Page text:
On 21 April 2022, the Department for Education (DfE) published a policy paper  for English schools entitled
Contents of this page
Sustainability and climate change: a strategy for the education and children’s services systems
It says the DfE has an important role to play in all aspects of sustainability, and the area in which it has most work to do is reducing England’s environmental footprint, particularly in the drive to achieve net zero.
DfE and the education sector have a joint responsibility for preparing children and young people for the challenges and opportunities they will face – with the appropriate knowledge, skills and pastoral care.
Secretary of State, Nadhim Zahawi, said: “We commit to the integration of sustainability and climate change in formal education systems, including as core curriculum components, in guidelines, teacher training, examination standards and at multiple levels through institutions.”
Criticism of the Strategy
In a blog post on the UK National Association for Environmental Education (NAEE) website , Teach the Future  say, among many other criticisms “In our view, [integrated sustainability and climate education} would entail weaving relevant sustainability and climate change content into subjects across the national curriculum. We believe that integrating learning for sustainability is essential if we are to put the climate emergency and ecological crisis at the heart of the education system, which is where it needs to be given the magnitude of the problems we face, and that every career and life is going to be massively implicated by the climate emergency and ecological crisis.
“The new strategy makes no mention of integrating climate education. Instead, it offers up the optional GCSE in Natural History as a quick fix easy alternative. It is one of only two new pieces of curriculum, the other being the new primary science model curriculum.
“We maintain that the UK cannot, and will not, be a “world leader” in climate education unless it integrates climate and sustainability into the national curriculum. We are vehemently opposed to the DfE positioning itself as world leader on climate with a national curriculum that has most of the climate content in optional geography, and only basic content in science, as it sends a misleading message to other countries as to what world-leading looks like. ”
Outline of the Strategy
The DfE’s vision is to make the United Kingdom the world-leading education sector in sustainability and climate change by 2030. They say in England, we will achieve this through the following strategic aims:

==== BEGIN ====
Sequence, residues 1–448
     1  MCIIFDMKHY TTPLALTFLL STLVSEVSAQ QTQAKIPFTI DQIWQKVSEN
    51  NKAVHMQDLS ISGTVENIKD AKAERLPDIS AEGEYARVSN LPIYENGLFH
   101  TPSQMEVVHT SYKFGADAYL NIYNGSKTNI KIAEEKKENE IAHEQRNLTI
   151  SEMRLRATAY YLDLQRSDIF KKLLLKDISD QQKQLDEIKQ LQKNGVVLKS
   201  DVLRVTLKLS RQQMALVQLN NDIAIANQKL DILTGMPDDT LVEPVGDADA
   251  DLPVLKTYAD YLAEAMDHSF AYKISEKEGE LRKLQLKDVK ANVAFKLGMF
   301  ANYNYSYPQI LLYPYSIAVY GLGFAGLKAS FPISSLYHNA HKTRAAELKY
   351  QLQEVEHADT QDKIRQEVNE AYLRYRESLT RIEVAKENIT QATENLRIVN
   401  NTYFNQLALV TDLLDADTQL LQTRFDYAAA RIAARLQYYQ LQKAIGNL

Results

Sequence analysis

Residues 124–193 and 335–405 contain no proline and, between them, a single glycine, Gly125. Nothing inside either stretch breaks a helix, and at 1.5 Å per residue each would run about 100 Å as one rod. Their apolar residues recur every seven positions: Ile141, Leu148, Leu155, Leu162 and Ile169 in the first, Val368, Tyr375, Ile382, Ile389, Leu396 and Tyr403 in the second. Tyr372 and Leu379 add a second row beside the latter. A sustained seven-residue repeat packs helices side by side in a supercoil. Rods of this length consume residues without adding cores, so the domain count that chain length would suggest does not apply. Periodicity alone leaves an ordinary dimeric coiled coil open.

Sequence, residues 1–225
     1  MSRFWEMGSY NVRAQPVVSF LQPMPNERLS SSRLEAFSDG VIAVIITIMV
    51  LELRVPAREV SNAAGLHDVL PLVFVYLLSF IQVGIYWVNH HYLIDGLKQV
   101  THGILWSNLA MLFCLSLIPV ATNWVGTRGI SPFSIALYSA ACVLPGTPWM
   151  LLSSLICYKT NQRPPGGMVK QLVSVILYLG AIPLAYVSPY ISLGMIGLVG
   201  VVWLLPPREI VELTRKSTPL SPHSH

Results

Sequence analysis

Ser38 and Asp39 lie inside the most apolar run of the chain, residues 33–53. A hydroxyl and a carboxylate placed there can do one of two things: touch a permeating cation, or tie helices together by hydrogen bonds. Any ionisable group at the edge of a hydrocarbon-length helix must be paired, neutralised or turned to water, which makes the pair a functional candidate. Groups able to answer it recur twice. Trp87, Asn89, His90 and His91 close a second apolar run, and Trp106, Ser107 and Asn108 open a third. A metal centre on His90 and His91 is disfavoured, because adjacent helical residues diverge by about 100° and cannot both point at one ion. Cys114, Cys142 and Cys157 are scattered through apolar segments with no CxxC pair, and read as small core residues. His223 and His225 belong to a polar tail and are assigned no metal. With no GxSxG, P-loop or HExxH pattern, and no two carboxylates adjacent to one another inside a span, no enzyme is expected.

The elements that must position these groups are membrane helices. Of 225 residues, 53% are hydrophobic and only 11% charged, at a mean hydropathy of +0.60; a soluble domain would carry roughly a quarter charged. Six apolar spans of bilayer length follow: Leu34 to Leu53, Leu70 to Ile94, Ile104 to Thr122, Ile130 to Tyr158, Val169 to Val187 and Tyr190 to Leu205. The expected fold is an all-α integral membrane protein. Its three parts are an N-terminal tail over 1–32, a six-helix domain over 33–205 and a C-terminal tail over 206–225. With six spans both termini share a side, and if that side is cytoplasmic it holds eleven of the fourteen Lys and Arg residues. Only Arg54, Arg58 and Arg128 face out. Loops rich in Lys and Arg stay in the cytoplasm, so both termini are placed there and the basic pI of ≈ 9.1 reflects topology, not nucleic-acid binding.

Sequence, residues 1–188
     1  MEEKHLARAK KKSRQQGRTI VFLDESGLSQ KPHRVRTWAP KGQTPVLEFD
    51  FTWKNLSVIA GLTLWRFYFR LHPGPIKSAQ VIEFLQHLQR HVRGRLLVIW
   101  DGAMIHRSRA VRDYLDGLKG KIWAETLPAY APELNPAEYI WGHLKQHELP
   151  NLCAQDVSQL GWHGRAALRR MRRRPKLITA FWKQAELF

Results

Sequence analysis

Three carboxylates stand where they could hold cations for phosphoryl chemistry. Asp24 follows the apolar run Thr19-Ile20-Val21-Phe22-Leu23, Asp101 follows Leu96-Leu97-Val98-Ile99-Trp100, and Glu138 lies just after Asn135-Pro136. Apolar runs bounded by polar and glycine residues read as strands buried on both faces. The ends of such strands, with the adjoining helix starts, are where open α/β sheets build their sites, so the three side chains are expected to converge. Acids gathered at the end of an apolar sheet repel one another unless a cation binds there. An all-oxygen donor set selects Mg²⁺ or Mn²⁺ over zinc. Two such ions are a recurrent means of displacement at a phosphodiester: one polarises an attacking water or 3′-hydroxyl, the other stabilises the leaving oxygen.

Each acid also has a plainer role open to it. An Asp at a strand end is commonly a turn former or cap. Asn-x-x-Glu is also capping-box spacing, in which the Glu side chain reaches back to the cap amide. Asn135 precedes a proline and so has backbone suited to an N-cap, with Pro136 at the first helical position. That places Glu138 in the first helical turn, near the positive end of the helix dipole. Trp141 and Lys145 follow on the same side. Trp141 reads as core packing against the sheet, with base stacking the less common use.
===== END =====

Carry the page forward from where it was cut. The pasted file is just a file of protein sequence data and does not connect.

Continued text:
- Excellence in education and skills for a changing world: preparing all young people for a world impacted by climate change through learning and practical experience.
- Net zero: reducing direct and indirect emissions from education and care buildings, driving innovation to meet legislative targets and providing opportunities for children and young people to engage practically in the transition to net zero.
- Resilience to climate change: adapting our education and care buildings and system to prepare for the effects of climate change.
- A better environment for future generations: enhancing biodiversity, improving air quality and increasing access to, and connection with, nature in and around education and care settings.
The Strategy envisions the whole physical education estate as a virtual National Education Nature Park.
A Climate Leaders Award will complement classroom learning and allow England to celebrate and recognise education providers, children and young people.
Senior leadership teams and governors.need to provide Sustainability Leadership. But leaders will need more support to:
- share best practice
- access funding
- develop networks
Action area 1: Climate education
1. Learning about the natural environment
2. Support for teaching
3. Learning in the natural environment
By 2025 DfE aims to introduce a natural history GCSE, giving young people a further opportunity to engage with and develop a deeper knowledge and understanding of the natural world. In studying this GCSE, young people will explore organisms and environments in more depth, gain knowledge and practical experience of fieldwork and develop a greater understanding of conservation.
Action area 2: Green skills and careers
1. Net Zero Strategy
2. Additional support for green jobs and skills
3. Support and guidance for green careers
Action area 3: Education estate and digital infrastructure
1. New builds and new blocks
2. Existing estate
3. Resilience, adaptation, access to Nature and environment conditions
4. Heating solutions
5. Water strategy
6. Reporting Frameworks, Reporting Processes and Targets
Action area 4: Operations and supply chains
Action area 5: International
Champion education and learning on the global stage
Inspire, share and learn
Trade and exports
Leadership, engagement and next steps
 Government page announcing policy paper: https://www.gov.uk/government/publications/sustainability-and-climate-change-strategy/sustainability-and-climate-change-a-strategy-for-the-education-and-childrens-services-systems
 NAEE’s comments on the strategy: https://naee.org.uk/the-dfes-new-strategy/
 Teach the Future website: https://www.teachthefuture.uk/